You strive to create a symmetrical, proportional physique. This book will lay out step-by-step training routines specifically created to bring up lagging muscles' development. This chapter will help you build a better back!
There are two very large muscles that cover almost the entire back. They are the trapezius and latissimus dorsi. These two prominent superficial muscles together extend from the skull all the down to the sacrum and illium. There are also three smaller muscles, which lie deep to the trapezius and latissimus dorsi, which assist these larger muscles.
The trapezius is the easily distinguishable superior muscle of the neck/back and is divided into three different groups: the superior fibers, middle fibers, and inferior fibers. Because of the many origins of the trapezius, each of these areas of fibers performs a different action.
The trapezius as a whole originates from the external occipital protuberance, ligamentum nuchae (the ligament of the back of the neck), and spinous processes of the last cervical and all thoracic vertebrae. All of these fibers insert on the lateral third of the clavicle, acromion process and spine of the scapula.
As a whole, the trapezius upwardly rotates the scapula. Individually, the superior elevation the scapula, the middle fibers retraction the scapula, and the inferior fibers depress the scapula. The trapezius will be targeted with the deltoids.
Latissimus Dorsi (Lats):
This large muscle of the back originates from the lower six and all the lumbar vertebrae as well as the iliac crest via the thoracolumbar fascia. All of the fibers insert on the medial lip of the intertubercular groove of the humerus. The actions of this muscle are to extend, adduction, and medially rotate the arm. Unlike the pectoralis major, the latissimus dorsi can hyperextend the arm.
Levator Scapulae, Rhomboids Minor & Major:
The three muscles deep to the trapezius and latissimus dorsi share a similar function and will therefore be considered together.
The most superior of the three deep muscles to the back is levator scapulae. The levator scapulae originates from the transverse processes of the first four cervical vertebrae and inserts on the superior angle of the scapula.
The next muscle, inferior to the levator scapulae, is the rhomboids minor. It originates from the last (7th) cervical vertebrae and first thoracic vertebrae and inserts on the medial border of the scapula.
The last, and most inferior muscles of the three is the rhomboids major. It originates from the spinous processes of the 2-5 thoracic vertebrae and inserts on the medial border of the scapula, below the rhomboids minor.
The primary functions of these muscles are elevation and downward rotation of the scapula. The rhomboids also retract the scapula.
Note: Alternate exercises with the same number, resting 1-2 minutes between each exercise.
Rack deadlifts are partial deadlifts done with bar starting at around knee height instead of on the ground. The full deadlift is a total body movement that hits every muscle in the body. By starting with the bar at knee height, you decrease the amount of lower body (the legs) involvement in the movement because your knees and hips are not flexed as much in the starting position.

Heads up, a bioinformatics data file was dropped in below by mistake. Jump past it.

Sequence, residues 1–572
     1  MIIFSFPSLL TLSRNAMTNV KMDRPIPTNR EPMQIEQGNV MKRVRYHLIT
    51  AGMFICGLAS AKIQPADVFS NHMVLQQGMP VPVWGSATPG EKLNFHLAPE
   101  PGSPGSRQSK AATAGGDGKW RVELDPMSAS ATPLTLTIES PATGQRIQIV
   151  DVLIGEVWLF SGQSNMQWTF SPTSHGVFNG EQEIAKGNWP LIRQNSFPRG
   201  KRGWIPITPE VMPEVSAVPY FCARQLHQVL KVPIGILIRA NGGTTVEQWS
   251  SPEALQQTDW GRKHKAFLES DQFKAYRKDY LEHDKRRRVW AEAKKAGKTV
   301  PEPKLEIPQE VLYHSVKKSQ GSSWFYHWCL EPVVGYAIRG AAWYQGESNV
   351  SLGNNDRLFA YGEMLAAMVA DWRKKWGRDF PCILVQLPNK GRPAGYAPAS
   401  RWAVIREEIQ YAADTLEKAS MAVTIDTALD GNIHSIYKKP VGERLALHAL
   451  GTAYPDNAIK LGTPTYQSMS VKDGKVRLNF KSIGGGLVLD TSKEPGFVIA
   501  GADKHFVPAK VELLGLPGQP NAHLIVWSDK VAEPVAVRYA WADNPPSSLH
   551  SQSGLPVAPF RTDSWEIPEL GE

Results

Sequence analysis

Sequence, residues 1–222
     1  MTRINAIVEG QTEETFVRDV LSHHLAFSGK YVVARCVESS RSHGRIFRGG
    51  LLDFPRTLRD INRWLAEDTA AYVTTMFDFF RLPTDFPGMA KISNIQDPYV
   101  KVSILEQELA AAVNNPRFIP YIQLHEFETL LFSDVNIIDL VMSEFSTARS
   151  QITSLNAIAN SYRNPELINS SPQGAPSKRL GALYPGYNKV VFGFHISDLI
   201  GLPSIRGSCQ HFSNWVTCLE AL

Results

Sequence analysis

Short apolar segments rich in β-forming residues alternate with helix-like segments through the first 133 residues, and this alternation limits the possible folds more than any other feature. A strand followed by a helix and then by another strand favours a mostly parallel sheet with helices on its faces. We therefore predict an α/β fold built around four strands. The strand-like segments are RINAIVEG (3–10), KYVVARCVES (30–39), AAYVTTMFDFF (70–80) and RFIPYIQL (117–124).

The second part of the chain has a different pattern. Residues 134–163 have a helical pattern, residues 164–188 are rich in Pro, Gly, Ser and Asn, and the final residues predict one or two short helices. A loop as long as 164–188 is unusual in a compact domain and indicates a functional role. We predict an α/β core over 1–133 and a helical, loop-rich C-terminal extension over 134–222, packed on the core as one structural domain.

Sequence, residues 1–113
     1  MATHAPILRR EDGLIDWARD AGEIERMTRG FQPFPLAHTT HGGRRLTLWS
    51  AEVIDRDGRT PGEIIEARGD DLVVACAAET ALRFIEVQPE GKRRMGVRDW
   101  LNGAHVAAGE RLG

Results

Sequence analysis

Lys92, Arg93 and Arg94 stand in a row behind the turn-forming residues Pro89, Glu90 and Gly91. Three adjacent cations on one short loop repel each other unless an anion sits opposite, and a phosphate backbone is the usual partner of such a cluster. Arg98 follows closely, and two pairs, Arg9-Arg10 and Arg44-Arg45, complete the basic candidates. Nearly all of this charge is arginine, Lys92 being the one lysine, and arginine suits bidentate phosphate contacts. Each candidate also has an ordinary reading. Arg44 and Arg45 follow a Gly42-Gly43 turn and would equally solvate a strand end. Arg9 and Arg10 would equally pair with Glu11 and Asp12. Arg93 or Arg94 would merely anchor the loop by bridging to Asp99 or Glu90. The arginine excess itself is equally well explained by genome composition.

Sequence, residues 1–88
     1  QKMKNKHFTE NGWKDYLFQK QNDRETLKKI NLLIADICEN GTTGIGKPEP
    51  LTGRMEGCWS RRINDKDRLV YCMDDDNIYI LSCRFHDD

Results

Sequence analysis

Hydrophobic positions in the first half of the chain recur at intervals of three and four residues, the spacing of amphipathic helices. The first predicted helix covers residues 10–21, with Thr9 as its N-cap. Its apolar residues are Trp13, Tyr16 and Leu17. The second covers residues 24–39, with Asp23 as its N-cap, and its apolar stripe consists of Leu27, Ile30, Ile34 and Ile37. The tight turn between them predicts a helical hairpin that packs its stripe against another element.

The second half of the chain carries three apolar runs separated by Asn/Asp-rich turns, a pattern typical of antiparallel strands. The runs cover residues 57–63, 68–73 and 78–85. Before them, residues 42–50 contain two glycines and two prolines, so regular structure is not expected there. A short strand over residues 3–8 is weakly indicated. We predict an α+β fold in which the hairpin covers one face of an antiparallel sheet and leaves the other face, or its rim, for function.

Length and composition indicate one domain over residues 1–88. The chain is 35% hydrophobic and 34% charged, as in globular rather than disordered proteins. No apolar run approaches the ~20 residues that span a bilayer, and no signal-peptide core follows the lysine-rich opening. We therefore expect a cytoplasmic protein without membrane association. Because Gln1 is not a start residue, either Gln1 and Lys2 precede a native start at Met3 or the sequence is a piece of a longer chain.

The muscles in the legs will still be stressed during rack deadlifts, just not to the degree they would be from full deadlifts, which allows you to lift a HEAVY load with more tension on the muscle of the upper body, including ALL the muscles of the back.
These exercises are viewed as the "supporting cast" to deadlifts. Form should be relatively strict and you should pull with your lats, not your arms. The 1-Arm variations of these exercises hit the muscles of the back a little differently and add to the development of the back.
Pull-ups (not chin-ups) are a great exercise for developing the lats, specifically back "width". As you execute each rep, you should focus on pulling your body up by using your lats NOT by using your arms. Often times people will swing their body and use momentum to complete their pull-ups, which requires heavy recruitment of the biceps and decreases the recruitment of the lats. The goal is to keep the tension on your lats.
One way to limit bicep involvement is to think of your hands as hooks. You are not pulling from your hands, but rather from your lats. Think of the tension from the weight starting deep in your lats and moving "up" the lats to where they insert into the humerus (bone of the upper arm) as you pull yourself up. As you pull your body up, your elbows should come to your sides and you should contract the muscles of the back, squeezing them together.
Bent over rows is used to add "thickness" to the back. Just as with pull-ups, you must focus on pulling the weight with your lats and not your arms. If you feel your form is sloppy or your arms are being heavily recruited, try decreasing the weight on the bar.
As you pull the bar up, you can pull it to your lower chest, mid-stomach, or lower stomach. Where you pull to the bar to will depend on which spots allow you personally to hit the lats the hardest.
You have a couple options with T-Bar rows: The old school bar on the ground style, standard machine T-Bar row, or a chest-supported T-Bar row. When doing T-Bar rows I recommend using the close-grip, parallel handles.